MBR technology provides a solution for the efficient treatment of high salinity wastewater by biological method. Several studies regarding treating salinity wastewater using MBR methods have been carried out to evaluate the effects of membrane performance and fouling behavior [14, 16]. However, membrane fouling is an inevitable consequence of membrane operation and a key problem that hinders the utilization of membrane bioreactor process. Membrane fouling could be caused by several factors, for example, the compositions of the biological system. Among them, operating conditions are key aspects in determining the economic feasibility of MBR system [17].
In this study, an anoxic-oxic biofilm-membrane bioreactor (AOB-MBR) is used to treat mustard tuber wastewater of 10% salinity, aiming to develop an optimal condition to obtain the highest treatment efficiency at lowest membrane fouling rate. Results of this study provide a scientific basis for AOB-MBR, which is a new technical process, to be applied to treat wastewater of high salinity and high COD. The new technique is low in energy cost as well as maintenance. The application of this technique to mustard tuber industry has great meanings in China as well as the rest part of world, where low-carbon, sustainable industry operation is promoted. The operating conditions of the reactor were optimized according to the mathematic model built by Box-Behnken design in Design Expert Software based on response surface methodology. After the optimal operating condition was obtained, the wiping off effects of COD, ammonia nitrogen (NH3-N), total nitrogen (TN) and suspended solids (SS) with different influent loads were studied.

2. Materials and Methods

2.1. AOB-MBR and Its Operation

Fig. 1 demonstrates the installation of the AOB-MBR system. The AOB-MBR is welded by polyvinyl chloride (PVC) plate, which is stable and reliable. The volume of the reactor is 0.65 m3, with a size of 1.0 m × 0.5 m × 1.38 m, effective water depth in the reactor is 1.3 m. The reactor consisted of three units: anoxic zone, aerobic zone and membrane zone, the ratio of the length was 2:5:3. Anoxic zone is fitted with stirring devices to ensure homogeneous distribution in the reactor. Aerobic zone is stuffed with semi-soft fiber filler, and the biofilm density was 15%. Through micro porous aeration, dissolved oxygen in aerobic zone is maintained 3–5 mg/L. This provides adequate oxygen level for microbial growth. Aerator pipes with orifice diameter of 2 to 3 mm are placed in the membrane zone. This plays a main role in providing air flow and assuring a rotational flow state in the reactor. Hollow polyvinylidene fluoride (PVDF) fiber membrane modules (Motianmo Co. Ltd., Tianjin, China), with a membrane area of 2.0 m2, are set inside the membrane zone. PVDF membrane has a 0.2-micron pore size and possesses a good hydrophobic property.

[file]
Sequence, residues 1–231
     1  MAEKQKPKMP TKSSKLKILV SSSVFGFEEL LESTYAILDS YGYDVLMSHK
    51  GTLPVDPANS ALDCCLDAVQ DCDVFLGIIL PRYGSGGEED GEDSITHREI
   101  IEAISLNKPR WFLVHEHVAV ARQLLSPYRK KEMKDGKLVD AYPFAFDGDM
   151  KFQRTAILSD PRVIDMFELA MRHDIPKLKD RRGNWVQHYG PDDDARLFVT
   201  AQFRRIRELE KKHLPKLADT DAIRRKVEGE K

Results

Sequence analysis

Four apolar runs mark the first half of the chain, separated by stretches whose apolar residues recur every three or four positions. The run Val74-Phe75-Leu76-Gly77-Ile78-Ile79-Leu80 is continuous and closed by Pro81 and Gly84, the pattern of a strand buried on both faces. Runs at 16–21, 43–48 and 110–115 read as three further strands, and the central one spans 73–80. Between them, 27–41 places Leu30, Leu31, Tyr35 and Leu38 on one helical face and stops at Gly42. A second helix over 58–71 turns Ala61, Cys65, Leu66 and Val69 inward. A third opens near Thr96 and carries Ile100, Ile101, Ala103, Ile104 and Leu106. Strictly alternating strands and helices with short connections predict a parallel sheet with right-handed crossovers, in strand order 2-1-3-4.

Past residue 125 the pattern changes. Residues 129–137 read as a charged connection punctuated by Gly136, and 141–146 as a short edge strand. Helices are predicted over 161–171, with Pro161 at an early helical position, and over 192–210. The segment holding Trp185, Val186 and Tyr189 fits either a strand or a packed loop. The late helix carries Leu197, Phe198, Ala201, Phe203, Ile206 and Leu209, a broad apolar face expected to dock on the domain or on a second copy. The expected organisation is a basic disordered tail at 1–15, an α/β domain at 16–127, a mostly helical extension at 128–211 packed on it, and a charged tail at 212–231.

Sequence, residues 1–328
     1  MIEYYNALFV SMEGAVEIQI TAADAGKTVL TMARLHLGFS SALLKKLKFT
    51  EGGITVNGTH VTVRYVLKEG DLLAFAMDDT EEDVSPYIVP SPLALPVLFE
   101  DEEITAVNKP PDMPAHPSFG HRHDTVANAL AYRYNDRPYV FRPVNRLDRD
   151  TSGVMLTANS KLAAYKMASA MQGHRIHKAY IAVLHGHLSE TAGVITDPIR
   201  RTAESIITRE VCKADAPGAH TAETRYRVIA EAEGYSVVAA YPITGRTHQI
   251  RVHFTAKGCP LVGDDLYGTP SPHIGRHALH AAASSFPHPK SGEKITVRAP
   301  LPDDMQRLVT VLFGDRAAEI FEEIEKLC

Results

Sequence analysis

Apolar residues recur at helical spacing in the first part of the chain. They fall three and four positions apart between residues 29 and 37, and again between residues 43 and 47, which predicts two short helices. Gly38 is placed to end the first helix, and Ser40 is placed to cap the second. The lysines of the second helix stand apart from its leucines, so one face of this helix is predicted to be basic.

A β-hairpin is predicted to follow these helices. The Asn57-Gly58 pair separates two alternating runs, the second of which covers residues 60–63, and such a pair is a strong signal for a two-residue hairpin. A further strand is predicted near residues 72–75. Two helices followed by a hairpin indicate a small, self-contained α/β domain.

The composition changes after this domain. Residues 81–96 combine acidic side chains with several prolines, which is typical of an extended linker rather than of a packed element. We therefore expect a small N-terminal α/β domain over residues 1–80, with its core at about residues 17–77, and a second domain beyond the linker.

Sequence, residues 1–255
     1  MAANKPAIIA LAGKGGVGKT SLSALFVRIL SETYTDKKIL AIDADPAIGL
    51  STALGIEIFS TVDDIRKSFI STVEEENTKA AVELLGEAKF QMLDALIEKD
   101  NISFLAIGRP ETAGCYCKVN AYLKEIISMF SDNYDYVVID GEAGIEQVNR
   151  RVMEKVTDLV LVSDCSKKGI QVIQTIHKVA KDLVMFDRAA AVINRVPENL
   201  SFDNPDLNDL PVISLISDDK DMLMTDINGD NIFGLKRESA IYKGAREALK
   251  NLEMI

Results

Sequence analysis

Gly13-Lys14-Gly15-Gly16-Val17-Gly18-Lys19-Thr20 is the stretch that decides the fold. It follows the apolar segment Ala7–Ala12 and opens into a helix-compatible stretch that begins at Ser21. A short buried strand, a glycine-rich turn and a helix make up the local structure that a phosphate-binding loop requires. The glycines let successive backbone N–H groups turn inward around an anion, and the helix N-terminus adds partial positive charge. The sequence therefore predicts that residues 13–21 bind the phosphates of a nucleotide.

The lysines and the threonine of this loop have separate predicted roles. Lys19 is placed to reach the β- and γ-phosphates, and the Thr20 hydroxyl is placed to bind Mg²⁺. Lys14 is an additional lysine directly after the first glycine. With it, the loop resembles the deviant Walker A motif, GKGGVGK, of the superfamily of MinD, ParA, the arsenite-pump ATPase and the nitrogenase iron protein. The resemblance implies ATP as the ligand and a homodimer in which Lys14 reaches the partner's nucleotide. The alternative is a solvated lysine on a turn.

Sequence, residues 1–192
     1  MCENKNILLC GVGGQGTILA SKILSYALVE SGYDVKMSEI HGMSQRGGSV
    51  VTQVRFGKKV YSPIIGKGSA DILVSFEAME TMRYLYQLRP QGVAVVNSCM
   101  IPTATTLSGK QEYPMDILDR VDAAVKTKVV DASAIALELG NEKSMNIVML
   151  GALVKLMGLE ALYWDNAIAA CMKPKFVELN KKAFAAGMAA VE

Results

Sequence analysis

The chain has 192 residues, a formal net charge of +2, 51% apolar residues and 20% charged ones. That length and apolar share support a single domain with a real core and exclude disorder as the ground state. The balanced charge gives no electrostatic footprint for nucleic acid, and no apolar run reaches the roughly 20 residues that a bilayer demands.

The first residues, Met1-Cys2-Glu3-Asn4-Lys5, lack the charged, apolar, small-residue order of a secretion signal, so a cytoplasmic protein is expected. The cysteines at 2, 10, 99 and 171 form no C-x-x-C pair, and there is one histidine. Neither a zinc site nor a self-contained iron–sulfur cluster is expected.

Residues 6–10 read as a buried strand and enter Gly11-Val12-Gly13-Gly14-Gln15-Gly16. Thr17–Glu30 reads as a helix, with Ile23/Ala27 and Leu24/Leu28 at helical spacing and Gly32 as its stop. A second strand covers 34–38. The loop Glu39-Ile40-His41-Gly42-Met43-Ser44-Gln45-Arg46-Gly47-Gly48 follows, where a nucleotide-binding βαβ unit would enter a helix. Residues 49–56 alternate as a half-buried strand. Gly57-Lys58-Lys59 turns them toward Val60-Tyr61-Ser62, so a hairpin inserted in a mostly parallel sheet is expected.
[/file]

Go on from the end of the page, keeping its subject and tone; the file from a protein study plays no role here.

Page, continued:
Wastewater used in this experimental study came from Fuling Mustard Tuber Group Co. Ltd, Chongqing, China. The NaCl mass fraction in the sewage ranged from 9.7% – 10.3%. The sewage typically contained COD concentrations of 3300–3900 mg/L, NH3-N at 220–240 mg-N/L and TN at 390–450 mg-N/L and SS at 445–485 mg/L, respectively.
Before the test of the performance of the AOB-MBR system, a sludge saline adaptation was performed first. This is to adapt sludge to stand the object high salinity wastewater. The inoculated sludge was taken from an aeration tank in the wastewater treatment unit in Fuling Mustard Tuber Group Co. Ltd. The adaption was completed using a stepwise process. The influent salinity was controlled at 4% at the beginning of the domestication process to reduce the shock to the sludge system. When the COD removal rate reached 80%, the system is maintained stable for 10 days. Then the influent salinity was increased by 0.5% in the next stage [18]. This process is till the influent salinity reached 10%, which is the experiment concentration in this study.
After the adaption process is completed, the reactor was then fed with mustard tuber wastewater in a timely manner. The volume of each feed event is exactly one reactor volume (0.65 m3). During the test, the transmembrane pressure is fixed. Dump pump worked 8 min continuously in each filtration cycle, which was recommended by the membrane modules manufacturer, and time interval for pump was set according to the experimental requirements. The outflow pipe of the dump pump is connected to the bucket directly. Hence, the treated water returned to the bucket in order to stabilize the water level in the reactor. Meanwhile, mixed liquid was refluxed from the aerobic zone to the anoxic zone with a reflux ratio of 200%. In addition, the mixed liquid suspended solids (MLSS) concentration of membrane zone was kept at 7000 mg/L. The change range should be no more than 10%. When the reactor ran steadily in different influent loads, continuous sampling schemes were carried out to record the concentrations of COD, NH3-N, TN and SS in the effluent.